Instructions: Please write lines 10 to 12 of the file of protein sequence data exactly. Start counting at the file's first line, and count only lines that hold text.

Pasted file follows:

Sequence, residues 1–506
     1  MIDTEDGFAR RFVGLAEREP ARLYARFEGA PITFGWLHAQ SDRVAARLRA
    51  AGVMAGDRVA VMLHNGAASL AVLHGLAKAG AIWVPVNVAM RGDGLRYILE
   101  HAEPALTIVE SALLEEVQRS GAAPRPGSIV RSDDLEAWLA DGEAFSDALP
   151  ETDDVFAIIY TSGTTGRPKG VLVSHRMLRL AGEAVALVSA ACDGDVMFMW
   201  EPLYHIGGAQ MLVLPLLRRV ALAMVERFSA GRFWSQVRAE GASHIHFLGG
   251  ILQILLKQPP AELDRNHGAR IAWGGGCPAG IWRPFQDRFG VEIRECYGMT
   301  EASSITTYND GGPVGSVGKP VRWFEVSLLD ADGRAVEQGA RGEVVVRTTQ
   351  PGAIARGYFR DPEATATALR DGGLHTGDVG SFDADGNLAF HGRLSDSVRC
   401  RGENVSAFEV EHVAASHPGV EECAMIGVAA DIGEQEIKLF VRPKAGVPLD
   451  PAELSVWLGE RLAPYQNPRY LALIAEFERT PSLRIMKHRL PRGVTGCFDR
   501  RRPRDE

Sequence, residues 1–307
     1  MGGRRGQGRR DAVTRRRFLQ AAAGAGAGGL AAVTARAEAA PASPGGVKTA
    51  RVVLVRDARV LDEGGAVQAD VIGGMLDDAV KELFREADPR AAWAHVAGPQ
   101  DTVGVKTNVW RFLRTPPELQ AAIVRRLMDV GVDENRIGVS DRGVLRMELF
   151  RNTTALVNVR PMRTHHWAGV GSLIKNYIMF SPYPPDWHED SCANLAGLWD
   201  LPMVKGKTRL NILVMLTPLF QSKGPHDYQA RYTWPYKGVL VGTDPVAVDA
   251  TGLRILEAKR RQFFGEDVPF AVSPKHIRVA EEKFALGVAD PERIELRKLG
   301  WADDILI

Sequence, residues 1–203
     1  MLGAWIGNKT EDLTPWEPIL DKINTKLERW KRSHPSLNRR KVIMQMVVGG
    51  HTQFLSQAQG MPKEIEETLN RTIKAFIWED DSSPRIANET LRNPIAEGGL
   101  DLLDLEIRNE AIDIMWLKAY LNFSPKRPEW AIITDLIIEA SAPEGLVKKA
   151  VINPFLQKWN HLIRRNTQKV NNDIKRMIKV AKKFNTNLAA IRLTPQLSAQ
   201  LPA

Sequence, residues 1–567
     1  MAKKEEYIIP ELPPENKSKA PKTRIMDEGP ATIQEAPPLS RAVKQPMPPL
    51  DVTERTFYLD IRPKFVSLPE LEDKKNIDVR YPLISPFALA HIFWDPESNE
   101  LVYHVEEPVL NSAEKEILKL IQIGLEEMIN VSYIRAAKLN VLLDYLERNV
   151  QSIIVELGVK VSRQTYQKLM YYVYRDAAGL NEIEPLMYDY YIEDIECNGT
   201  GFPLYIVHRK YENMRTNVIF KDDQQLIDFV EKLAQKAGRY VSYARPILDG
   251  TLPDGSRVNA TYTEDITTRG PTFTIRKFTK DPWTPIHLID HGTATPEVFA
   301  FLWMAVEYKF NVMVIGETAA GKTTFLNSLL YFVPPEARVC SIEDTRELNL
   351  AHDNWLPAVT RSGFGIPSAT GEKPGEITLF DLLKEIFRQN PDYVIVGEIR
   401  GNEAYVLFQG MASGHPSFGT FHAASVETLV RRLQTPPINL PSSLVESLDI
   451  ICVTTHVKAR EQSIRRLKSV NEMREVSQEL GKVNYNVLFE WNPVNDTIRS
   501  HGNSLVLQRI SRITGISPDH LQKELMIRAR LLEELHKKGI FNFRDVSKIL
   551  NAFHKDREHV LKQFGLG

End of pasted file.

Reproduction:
   401  RGENVSAFEV EHVAASHPGV EECAMIGVAA DIGEQEIKLF VRPKAGVPLD
   451  PAELSVWLGE RLAPYQNPRY LALIAEFERT PSLRIMKHRL PRGVTGCFDR
   501  RRPRDE